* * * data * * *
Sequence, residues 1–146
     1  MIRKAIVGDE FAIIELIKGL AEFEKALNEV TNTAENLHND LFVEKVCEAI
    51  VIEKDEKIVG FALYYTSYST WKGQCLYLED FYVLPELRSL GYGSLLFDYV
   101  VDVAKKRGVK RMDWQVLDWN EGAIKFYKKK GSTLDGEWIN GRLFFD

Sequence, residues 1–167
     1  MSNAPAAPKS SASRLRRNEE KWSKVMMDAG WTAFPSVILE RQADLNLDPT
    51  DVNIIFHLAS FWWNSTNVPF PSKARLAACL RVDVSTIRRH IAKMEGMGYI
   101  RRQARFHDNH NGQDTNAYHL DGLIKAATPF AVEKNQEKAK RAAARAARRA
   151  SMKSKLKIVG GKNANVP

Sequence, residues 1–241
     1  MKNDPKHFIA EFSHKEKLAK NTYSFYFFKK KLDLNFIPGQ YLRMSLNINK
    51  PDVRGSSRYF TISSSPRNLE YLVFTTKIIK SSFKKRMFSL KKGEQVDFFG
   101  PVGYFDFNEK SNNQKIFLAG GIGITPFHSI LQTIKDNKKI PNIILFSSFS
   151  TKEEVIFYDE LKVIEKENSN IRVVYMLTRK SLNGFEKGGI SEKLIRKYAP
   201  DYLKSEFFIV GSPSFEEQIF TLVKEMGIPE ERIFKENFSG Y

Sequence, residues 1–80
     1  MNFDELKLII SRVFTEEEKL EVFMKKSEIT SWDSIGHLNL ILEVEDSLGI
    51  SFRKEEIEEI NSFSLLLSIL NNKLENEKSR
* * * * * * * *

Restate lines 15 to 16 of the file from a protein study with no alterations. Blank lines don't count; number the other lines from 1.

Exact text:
   201  DYLKSEFFIV GSPSFEEQIF TLVKEMGIPE ERIFKENFSG Y

Sequence, residues 1–80